Camellia Cottage lifting its game
JOHN Palmer was a big, bluff bloke with a hoarse voice who should have been a scary prospect for any small kid.
Instead, the volunteers co-ordinator at Camellia Cottage in South Grafton was one of their best friends.
Tragically for the Cottage and its users John died suddenly on July 16, leaving a huge hole in the organisation and creating doubt it would survive to celebrate its 10th birthday on November 10.
As tough as it has been to come and work in a place where her dad was a fixture, Tammy Russ-Palmer has decided to do what she can to keep Camellia Cottage afloat.
"When dad died it was a big shock," she said.
"He was a volunteer, but he was here five days a week and ran the Breakfast Club and Kids' Club on Tuesday afternoons.
"Since he's gone the Breakfast Club has shut down and Kids' Club's not happening either."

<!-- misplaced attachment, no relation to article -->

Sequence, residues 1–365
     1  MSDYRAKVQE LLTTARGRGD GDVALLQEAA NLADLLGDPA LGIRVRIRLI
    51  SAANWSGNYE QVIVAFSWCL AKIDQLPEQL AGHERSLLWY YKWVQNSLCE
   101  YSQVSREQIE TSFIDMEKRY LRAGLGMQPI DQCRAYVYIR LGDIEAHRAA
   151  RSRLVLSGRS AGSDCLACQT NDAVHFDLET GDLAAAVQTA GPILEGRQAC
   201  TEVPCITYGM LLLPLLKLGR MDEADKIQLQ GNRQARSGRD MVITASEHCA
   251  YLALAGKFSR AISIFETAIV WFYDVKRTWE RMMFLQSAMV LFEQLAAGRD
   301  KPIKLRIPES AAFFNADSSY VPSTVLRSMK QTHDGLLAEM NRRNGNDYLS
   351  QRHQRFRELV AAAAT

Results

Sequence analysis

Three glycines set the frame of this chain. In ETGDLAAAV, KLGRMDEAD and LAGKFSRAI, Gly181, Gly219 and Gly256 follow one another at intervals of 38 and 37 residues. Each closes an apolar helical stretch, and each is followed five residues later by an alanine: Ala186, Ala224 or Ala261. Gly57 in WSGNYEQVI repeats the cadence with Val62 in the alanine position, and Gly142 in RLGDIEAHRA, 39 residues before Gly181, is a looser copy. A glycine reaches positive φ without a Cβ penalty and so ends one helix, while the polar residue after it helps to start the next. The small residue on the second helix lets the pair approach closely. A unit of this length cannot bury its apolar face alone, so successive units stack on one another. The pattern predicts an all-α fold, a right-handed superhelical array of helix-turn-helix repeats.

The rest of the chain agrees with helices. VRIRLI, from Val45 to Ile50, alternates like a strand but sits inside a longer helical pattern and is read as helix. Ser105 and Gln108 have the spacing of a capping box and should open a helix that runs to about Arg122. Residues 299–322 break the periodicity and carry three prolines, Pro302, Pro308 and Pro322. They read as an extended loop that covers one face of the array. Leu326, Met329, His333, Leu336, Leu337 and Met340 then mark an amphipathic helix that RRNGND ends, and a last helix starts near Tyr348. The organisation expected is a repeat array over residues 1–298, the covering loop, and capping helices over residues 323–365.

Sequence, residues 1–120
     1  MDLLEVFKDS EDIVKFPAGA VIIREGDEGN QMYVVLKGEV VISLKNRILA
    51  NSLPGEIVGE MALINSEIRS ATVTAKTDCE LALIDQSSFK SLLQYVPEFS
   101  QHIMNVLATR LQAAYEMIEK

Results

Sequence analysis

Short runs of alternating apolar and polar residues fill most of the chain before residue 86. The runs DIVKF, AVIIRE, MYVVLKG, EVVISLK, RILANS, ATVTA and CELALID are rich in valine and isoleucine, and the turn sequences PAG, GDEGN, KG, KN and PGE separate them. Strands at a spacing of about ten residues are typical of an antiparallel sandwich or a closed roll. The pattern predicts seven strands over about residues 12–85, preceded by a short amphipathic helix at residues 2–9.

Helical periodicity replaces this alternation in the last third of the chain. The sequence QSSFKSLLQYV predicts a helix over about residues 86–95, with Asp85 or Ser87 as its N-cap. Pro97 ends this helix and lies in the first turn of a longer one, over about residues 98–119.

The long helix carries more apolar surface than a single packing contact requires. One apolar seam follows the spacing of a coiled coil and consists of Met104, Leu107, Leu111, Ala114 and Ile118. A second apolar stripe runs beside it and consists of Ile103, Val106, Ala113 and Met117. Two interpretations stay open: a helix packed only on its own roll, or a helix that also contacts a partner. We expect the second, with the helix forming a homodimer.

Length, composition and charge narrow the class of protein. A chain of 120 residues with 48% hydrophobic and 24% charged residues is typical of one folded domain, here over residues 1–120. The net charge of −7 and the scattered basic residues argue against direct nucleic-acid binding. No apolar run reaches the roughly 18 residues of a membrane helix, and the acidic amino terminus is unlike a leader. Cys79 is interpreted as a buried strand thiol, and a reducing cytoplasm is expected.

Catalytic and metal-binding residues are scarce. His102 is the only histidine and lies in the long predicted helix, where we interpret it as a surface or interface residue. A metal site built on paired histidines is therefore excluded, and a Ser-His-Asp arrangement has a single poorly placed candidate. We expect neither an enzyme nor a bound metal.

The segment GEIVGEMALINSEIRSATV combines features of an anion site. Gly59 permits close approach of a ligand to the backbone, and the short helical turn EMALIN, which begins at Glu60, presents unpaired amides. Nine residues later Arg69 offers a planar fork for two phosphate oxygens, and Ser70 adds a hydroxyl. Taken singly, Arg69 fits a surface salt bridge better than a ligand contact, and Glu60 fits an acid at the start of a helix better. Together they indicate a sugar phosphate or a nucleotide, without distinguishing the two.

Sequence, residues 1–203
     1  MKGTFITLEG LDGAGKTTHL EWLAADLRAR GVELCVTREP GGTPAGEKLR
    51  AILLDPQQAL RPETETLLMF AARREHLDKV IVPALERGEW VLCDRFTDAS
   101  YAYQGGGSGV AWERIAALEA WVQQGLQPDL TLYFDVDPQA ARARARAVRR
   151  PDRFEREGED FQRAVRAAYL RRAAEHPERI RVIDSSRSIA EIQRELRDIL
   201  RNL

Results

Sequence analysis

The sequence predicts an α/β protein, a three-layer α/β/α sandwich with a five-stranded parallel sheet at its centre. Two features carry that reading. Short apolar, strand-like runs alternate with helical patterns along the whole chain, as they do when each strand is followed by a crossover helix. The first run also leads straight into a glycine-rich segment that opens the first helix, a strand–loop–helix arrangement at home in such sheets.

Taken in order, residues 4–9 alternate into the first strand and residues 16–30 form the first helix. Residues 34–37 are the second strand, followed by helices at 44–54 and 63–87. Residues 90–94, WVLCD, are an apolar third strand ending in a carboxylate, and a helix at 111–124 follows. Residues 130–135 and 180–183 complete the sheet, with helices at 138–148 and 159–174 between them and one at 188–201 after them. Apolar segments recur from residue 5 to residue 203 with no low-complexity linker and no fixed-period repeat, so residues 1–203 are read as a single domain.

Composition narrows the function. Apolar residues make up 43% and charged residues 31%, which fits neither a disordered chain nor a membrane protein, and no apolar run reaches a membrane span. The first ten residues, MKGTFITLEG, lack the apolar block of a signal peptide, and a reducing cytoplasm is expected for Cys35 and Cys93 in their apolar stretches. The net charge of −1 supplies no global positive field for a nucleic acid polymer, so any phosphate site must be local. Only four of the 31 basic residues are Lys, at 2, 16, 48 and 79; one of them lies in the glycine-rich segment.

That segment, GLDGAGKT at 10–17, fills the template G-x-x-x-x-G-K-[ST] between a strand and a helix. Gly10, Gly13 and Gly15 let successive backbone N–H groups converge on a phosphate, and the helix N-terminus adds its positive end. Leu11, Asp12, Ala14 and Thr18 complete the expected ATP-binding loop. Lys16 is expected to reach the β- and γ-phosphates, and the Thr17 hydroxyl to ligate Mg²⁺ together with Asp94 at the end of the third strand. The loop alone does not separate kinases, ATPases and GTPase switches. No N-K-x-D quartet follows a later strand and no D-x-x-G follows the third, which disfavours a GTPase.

Ms Russ-Palmer said a number of other volunteers left after her father's death and there had been a drop in the number of people using Cottage facilities.
"It was a hard thing for me to come here and volunteer," she said.
"But it was something I had to do. There's no way dad would have wanted the place to close down."
She said her father had won the hearts of the kids who came to the Cottage every afternoon.
"These two girls, Rose and Jennifer, just loved him," Ms Russ-Palmer said.
"He would always say 'a Rose by any other name would be as sweet' and sing that song, Jennifer, for her."
Camellia Cottage provides valuable services for the South Grafton community.
As a drop-in centre it provides a safe haven for kids to come after school to play, do their homework or use computers.
It also provides holiday activities
It's also available for adults to have a cuppa as well as providing health and housing services.
A new community worker at the Cottage, Amanda Stacey, is leading the fight to turn its fortunes around.
"I'm negotiating with the South Grafton High School for a partnership agreement to provide youth services," she said.
"Camellia Cottage is too valuable a resource for the community to let it slip away."
"It's a great place for everyone," Ms Russ-Palmer said.
"It gives kids a break from their parents and parents a break from their kids. Everyone gets a break."